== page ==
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The Aquatic Environment


VI. The Aquatic Environment (including water quality)

Knowledge of this provides a basis for the interpretation of disease associated with inhospitable environments. The subject of water quality was reviewed extensively by Ferguson and is extensively referred to in this section on water quality.
A. Temperature
Each species has its own preferred temperature range. Being at temperatures beyond this range represent a stress, with rapid changes being more stressful. The more rapid the temperature change, the more stressful to the fish. In addition to the metabolic alterations, the sequelae of temperature stress include opportunistic infections, secondary to stress.
B. Oxygen
The concentration of 02 in water is low as compared to air, (At 15°C, one liter of freshwater contains 7cc
02 compared to 21 volume % in air). The gills have evolved to be very effective in extracting 02 from the water to the blood. In warm or polluted waters, wherein 02 levels are low, the "cost" of extraction of 02 may be too high for normal maintenance of normal life processes. (In such a circumstance, the energy required for ventilation may exceed that released by the oxygen to the extent that the fish develops the respiratory distress syndrome.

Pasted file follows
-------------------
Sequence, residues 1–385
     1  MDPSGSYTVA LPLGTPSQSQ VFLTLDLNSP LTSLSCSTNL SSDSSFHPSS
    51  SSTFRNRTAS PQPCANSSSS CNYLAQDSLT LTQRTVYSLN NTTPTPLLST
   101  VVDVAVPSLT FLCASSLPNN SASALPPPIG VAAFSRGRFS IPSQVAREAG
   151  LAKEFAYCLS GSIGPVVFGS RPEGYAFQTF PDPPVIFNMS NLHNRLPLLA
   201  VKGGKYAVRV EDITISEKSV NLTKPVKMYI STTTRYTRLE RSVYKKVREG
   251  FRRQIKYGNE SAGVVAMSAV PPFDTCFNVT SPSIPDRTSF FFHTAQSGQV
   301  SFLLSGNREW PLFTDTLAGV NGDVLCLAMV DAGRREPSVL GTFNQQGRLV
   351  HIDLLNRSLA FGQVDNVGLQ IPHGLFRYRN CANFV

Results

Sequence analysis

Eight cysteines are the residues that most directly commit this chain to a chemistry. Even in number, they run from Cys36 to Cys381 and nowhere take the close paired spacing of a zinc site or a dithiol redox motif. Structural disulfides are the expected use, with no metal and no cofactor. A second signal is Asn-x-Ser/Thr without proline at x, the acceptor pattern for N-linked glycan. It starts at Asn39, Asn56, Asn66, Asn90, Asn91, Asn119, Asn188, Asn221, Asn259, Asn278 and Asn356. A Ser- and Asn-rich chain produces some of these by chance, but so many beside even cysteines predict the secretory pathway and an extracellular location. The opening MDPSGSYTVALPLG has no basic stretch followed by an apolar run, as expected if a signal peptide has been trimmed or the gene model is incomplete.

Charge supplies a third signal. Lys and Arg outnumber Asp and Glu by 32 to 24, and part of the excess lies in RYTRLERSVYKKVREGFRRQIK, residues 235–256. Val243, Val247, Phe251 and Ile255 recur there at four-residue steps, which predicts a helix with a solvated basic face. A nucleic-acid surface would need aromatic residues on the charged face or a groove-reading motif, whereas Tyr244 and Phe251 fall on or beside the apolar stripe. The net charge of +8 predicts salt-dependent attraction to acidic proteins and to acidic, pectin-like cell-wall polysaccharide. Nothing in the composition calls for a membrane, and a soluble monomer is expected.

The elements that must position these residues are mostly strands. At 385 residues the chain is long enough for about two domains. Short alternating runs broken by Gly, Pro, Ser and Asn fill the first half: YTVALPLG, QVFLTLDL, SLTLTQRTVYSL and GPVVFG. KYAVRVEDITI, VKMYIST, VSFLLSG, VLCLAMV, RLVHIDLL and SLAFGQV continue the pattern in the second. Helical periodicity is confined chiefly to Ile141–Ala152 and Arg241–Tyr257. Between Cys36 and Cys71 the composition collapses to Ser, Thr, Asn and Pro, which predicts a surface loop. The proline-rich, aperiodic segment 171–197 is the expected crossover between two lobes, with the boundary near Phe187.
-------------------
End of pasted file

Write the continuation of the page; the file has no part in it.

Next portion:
Different species have different levels of oxygen requirement e.g. Salmonids having a high requirement while catfish have a lower requirement.
When a fish is removed from water the gill filaments collapse on contact with air thus greatly reducing the surface area and resulting in hypoxia.
Clinical signs of low oxygen: Fish gather at inlets or gasp at the surface and decrease their activity. If the decline in oxygen in the water is slow, fish can become acclimated to some extent by such means as elevating their hematocrit.

C. Supersaturation of water with gas (nitrogen, oxygen)

If air is forced under pressure into water such as at the bottom of waterfalls or in an aquarium with excessive aerator-pump activity, the water can become supersaturated with atmospheric gases. Supersaturation can also occur if water temperature rises, (since the oxygen-holding capacity declines as temperature rises, (since the oxygen-holding capacity declines as temperature rises). If this change occurs rapidly, gas dissolved in the blood (from water which has entered the body of a fish via the gills) comes out of solution forming gas emboli in blood vessels.